Sometimes I feel a bit like the Rosanna-Rosanna Danna character that Gilda Radner created on Saturday Night Live. It was like that for me when I first explored my choices for showers and toilets. I was under the mistaken impression that except in those rare cases in California when there wasn't enough rainfall or snow that the globe didn't have a sustained water shortage issue. Or if they did, it was weather-related and would merely mean that every several years we'd have regional droughts and be urged to curtail our water consumption. Oh, did you say water shortage?
But upon further investigation, I've learned that water is a scarce resource as is oil or wood. I'll credit Fine Homebuilding magazine for many of the details that I am about to impart here. But any casual web research will confirm that water is a commodity that must be nurtured and tended to carefully. And in spite of the EPAct of 1992, it seems to go mostly unnoticed that water, as with electrical consumption, was addressed with standards that now seem to be craftily skirted by manufacturers. Thankfully, this law is why many of the new toilets are meeting higher European standards.
But consumers seem to be generally unaware of how irresponsible it is to waste water. Think about it, you don't see car ads (not even for Hummers) that feature the general wanton consumption of gas. However, there are many slick ads for the ultimate shower experience, featuring a glassed-in unit with sometimes 3 or 4 pulsating shower heads. Some boast that they deliver 32 gallons of water per minute. As Alex Wilson, president of BuildingGreen (www.buildinggreen.com) describes it: "profligate waste, tantamount to outdoor air conditioners in the courtyards of Saudi oil sheiks."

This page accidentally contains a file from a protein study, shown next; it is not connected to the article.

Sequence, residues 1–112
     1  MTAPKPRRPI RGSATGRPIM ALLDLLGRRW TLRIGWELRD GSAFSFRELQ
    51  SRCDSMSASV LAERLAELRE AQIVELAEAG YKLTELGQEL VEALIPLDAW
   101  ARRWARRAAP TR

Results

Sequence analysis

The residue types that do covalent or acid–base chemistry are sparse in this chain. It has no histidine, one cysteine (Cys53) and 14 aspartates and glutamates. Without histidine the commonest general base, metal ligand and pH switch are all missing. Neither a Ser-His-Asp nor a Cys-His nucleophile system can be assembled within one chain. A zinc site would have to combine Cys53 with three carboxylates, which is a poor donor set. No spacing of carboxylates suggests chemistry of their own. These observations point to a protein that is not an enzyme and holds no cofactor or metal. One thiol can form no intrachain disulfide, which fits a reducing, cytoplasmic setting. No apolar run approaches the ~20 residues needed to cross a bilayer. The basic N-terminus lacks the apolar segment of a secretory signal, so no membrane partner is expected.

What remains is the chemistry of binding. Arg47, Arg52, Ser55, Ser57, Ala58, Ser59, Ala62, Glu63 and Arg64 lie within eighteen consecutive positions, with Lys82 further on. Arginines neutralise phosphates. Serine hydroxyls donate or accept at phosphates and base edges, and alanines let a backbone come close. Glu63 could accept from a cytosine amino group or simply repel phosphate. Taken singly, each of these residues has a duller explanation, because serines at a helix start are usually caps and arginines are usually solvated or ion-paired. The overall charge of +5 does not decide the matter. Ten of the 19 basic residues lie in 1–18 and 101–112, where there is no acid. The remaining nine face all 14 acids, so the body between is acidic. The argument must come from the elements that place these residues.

So what's the situation with water shortages?
1- Global warming is causing watershed changes and places like the Western United States are greatly affected. Some of the fastest growing cities, Las Vegas and Albuquerque as example, are expected to chronically fall short of their water needs in the next decade, even in the best of weather circumstances. And remember that these locations are expanding their populations and thus expanding water consumption.
2- There is, and always will be, a finite amount of water on the planet. So as populations increase, the same water will be cycled over and over to meet demand. And that cycling requires energy to purify etc. This is a global issue and the situation is already dire in China and Africa.
3- Long, powerful, consumptive showers mean hot water needs to be generated. And that leads to significant energy consumption in order to facilitate the 80 gallons per minute set-up that I recently saw advertised as a "vertical spa environment."
4- Water is a shared commodity. I read an analysis that for every 3 people who put in one of these over the top systems, it negates the efforts of 100 people putting in efficient products. There are Hummer water users living among us!
What to do?
* Think twice before installing multiple shower heads. Install low flow units.
* Repair leaking toilets; replace old water-consuming toilets.
* Limit the number of those long luxurious showers. Luxuries are to be savored and indulged in only occasionally-- thus making them special!
* Don't run the water unnecessarily while brushing teeth, shaving, and washing dishes.
* Hold out for a full load of dishes, or use a shorter cycle. Same for the washing machine.
* You don't have to flush every time.
* Be responsible about water usage in your yard.
Other useful tips and information here: